Breakingviews - Hong Kong’s fate hangs on demographic fallacy

ATTENTION EDITORS - IMAGE 1 OF 22 OF PICTURE PACKAGE '7 BILLION, 7 STORIES - OVERCROWDED IN HONG KONG. SEARCH 'MONG KOK' FOR ALL IMAGES - People cross a street in Mong Kok district in Hong Kong, October 4, 2011. Mong Kok has the highest population density in the world, with 130,000 in one square kilometre. The world's population will reach seven billion on 31 October 2011, according to projections by the United Nations, which says this global milestone presents both an opportunity and a challenge for the planet. While more people are living longer and healthier lives, says the U.N., gaps between rich and poor are widening and more people than ever are vulnerable to food insecurity and water shortages. Picture taken October 4, 2011. REUTERS/Bobby Yip (CHINA - Tags: SOCIETY) - LM2E7AE147B01

HONG KONG (Reuters Breakingviews) - Hong Kong’s financial capital may be plentiful, but its stock of human capital is stressed. Despite the city’s rapidly aging society, leader Carrie Lam is pushing young residents to seek work across the border even as others move abroad. The government’s idea that mainland Chinese immigrants will more than fill the gap looks dangerously complacent.

Two in five residents were already considering emigration in 2019, per a survey by the Chinese University of Hong Kong. Amid a pandemic-induced recession in the $370 billion economy and a crackdown on the pro-democracy movement, the population shrank by 50,000 last year, only the second annual decline since the 1997 handover. The United Kingdom expects as many as 322,000 Hong Kongers to arrive over the next five years. Some $76 billion might leave, too, Bank of America analysts estimate. Sustained outflows would drain economic vitality and weaken the currency peg to the U.S. dollar.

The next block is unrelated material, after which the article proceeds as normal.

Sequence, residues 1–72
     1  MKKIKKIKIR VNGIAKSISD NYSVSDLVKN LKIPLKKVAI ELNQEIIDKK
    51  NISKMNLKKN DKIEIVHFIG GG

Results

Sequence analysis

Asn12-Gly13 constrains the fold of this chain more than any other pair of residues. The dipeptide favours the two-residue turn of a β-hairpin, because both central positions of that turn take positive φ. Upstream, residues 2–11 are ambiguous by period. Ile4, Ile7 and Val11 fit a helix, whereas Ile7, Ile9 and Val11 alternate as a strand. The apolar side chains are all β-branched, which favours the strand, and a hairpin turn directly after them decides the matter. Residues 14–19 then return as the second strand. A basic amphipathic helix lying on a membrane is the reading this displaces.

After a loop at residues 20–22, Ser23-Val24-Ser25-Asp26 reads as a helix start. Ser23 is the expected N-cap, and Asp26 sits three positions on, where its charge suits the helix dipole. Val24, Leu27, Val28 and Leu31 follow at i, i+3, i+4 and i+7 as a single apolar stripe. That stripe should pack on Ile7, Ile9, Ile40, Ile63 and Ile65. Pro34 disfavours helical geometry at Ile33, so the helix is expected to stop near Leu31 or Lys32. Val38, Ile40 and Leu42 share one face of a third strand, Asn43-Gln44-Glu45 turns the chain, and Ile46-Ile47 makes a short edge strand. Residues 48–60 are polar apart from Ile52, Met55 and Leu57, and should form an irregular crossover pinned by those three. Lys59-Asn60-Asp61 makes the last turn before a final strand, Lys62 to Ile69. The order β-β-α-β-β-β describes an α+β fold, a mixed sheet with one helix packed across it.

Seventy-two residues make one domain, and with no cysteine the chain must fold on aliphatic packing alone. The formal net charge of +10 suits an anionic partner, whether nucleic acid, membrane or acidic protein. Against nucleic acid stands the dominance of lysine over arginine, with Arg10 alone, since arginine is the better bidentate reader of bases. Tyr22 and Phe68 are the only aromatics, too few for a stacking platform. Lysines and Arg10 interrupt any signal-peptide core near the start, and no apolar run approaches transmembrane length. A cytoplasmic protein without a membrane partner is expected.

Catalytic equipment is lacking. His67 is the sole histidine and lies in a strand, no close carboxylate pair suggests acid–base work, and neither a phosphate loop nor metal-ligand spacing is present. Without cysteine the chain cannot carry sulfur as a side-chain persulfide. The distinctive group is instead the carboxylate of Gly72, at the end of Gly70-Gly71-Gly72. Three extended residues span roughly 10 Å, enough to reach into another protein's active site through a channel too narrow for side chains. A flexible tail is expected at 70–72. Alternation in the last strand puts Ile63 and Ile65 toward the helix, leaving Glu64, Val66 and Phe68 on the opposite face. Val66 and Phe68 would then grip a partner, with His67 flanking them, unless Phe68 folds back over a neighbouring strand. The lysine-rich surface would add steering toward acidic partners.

Government statisticians expect Hong Kong’s population to grow by about 500,000 by 2041, peaking at 8.1 million. Like the rest of East Asia, however, the financial hub has a low fertility rate: in 2023, deaths will start rapidly outstripping births. What would help offset the trend are official forecasts indicating that immigration, mostly from mainland China, will keep bringing in around 40,000 people each year.

The projection is dubious. Mainland emigration to Hong Kong has been falling since 2016, partly because cities such as Shenzhen have become better places to live and work while Hong Kong has stagnated. Stratospheric living costs persist, deterring entrepreneurs and other young professionals. And now Beijing’s extraterritorial tax regime is a disincentive too. Hong Kongers pay only a 15% rate, but mainland migrants could be hit up for as much 45% on annual salaries over $148,000.

Lam herself makes a strong case for not coming. In a 2019 speech, she said Hong Kong’s pillar industries are losing their edge “and new industries have not emerged.” Her initiative to subsidise college graduates seeking work in mainland China, including the broad nearby region known as the Greater Bay Area, underscores her lack of confidence in the city’s ability to generate good jobs. Hong Kong’s economic plan relies on implausible demographics.


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